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Suggested Citation:"SCLP, Snow and Cold Land Processes ." National Research Council. 2008. Satellite Observations to Benefit Science and Society: Recommended Missions for the Next Decade. Washington, DC: The National Academies Press. doi: 10.17226/11952.
Page 22

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Earth Science and Applications from Space 22 SCLP Snow and Cold Land Processes Launch: 2016–2020 Mission size: Medium Orbit: LEO, SSO Agency: NASA Estimated cost: $500 million Areas of interest: Water Instruments: Ku- and X-band radars,  K- and Ka-band radiometers Benefits: Improved management of water resources in snowmelt-dominated river basins Assessment of the risk of snowmelt-induced floods and flows of debris Predictions of the impact of climate change on seasonal snowpacks Seasonal snowpacks and glaciers provide water for one-sixth of the world’s population and affect weather and climate on local, regional, and global scales. Climate change seriously threatens the global abundance and timing of snow. Runoff from western U.S. snowfall now peaks several weeks earlier in the spring than it did in the 1950s. Despite the importance of snow to society, there are major gaps in snow-cover observations globally. Scientists and water resource managers need to know where and how much snow has fallen, how much water it holds, and how fast it is melting. Through a combination of active and passive microwave sensors, SCLP will provide a detailed and frequently updated record of snow cover. A pair of synthetic aperture radars will be able to characterize both deep and shallow snowpacks. A dual- frequency passive radiometer will provide additional detail and allow for comparison with snow data from similar sensors on other platforms. The mission will provide observations on two needed timescales: 15-day observation intervals will capture sea- sonal change, and more frequent (3- to 6-day) observations will track the effects of individual weather events. The passive microwave component of SCLP could provide a source of interim data to users affected by the removal of the passive microwave instrument from the first National Polar-orbiting Operational Environmental Satellite System (NPOESS) platform.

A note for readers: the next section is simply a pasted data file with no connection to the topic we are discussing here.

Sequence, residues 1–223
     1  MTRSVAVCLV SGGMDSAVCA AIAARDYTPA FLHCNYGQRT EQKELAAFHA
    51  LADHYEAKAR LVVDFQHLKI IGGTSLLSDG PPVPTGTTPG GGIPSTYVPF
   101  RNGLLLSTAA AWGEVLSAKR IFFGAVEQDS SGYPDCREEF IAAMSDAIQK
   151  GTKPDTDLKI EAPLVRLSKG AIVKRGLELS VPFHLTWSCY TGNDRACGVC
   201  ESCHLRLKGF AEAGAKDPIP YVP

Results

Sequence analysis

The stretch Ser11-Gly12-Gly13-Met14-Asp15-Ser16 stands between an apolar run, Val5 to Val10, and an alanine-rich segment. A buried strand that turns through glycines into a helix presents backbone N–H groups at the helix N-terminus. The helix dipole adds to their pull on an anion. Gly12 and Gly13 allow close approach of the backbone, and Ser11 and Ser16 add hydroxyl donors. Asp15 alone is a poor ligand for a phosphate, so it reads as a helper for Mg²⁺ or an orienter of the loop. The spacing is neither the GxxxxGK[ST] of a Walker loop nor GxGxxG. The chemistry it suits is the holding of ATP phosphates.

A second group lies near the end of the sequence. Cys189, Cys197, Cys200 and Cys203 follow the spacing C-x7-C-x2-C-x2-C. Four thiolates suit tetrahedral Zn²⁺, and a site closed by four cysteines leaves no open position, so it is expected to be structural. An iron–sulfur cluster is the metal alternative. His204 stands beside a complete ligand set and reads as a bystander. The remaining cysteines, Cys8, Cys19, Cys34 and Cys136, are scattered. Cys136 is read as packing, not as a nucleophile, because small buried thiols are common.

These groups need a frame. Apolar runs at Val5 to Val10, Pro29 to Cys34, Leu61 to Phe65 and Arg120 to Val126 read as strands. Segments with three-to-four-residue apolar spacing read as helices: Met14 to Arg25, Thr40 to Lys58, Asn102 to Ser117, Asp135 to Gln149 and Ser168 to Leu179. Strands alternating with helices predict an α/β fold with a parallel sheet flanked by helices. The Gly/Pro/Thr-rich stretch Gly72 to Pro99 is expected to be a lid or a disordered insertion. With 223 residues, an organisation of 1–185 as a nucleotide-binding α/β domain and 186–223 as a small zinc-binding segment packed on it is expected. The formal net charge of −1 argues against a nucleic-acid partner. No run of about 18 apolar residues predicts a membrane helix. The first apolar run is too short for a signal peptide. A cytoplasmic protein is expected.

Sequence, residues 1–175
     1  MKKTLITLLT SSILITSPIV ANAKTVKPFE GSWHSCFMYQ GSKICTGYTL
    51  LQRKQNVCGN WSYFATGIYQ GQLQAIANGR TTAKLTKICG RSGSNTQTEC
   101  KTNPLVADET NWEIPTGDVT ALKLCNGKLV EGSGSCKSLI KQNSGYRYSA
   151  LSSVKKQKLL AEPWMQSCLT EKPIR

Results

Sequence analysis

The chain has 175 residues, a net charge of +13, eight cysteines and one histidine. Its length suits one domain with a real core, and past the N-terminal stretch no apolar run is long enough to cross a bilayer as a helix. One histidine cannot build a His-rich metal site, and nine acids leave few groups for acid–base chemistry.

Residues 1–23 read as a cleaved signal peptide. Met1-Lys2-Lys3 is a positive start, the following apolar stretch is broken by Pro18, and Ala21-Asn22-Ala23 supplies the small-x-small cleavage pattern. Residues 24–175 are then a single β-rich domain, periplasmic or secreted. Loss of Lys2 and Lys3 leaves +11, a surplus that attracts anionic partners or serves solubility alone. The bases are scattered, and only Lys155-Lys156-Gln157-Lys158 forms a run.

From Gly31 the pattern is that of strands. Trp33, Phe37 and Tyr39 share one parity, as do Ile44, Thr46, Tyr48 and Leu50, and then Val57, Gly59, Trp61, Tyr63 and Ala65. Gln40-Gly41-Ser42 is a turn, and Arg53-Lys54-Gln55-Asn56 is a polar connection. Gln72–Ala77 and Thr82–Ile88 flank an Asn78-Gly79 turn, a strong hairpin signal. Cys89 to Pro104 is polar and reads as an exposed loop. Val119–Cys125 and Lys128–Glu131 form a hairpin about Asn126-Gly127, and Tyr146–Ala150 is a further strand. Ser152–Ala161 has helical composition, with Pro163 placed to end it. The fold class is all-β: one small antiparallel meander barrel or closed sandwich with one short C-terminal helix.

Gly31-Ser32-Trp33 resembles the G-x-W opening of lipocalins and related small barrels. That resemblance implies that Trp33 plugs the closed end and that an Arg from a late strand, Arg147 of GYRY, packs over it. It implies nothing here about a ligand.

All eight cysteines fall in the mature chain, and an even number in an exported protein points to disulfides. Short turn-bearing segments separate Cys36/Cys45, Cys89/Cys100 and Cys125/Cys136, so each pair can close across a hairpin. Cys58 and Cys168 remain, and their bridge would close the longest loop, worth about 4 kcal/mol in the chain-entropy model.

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Satellite Observations to Benefit Science and Society: Recommended Missions for the Next Decade Get This Book
 Satellite Observations to Benefit Science and Society: Recommended Missions for the Next Decade
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Satellite Observations to Benefit Science and Society: Recommended Missions for the Next Decade brings the next ten years into focus for the Earth and environmental science community with a prioritized agenda of space programs, missions, and supporting activities that will best serve scientists in the next decade. These missions will address a broad range of societal needs, such as more reliable weather forecasts, early earthquake warnings, and improved pollution management, benefiting both scientific discovery and the health and well-being of society.

Based on the 2007 book, Earth Science and Applications from Space: National Imperatives for the Next Decade and Beyond, this book explores each of the seventeen recommended missions in detail, identifying launch dates, responsible agencies, estimated cost, scientific and public benefits, and more. Printed entirely in color, the book features rich photographs and illustrations, tables, and graphs that will keep the attention of scientists and non-scientists alike.


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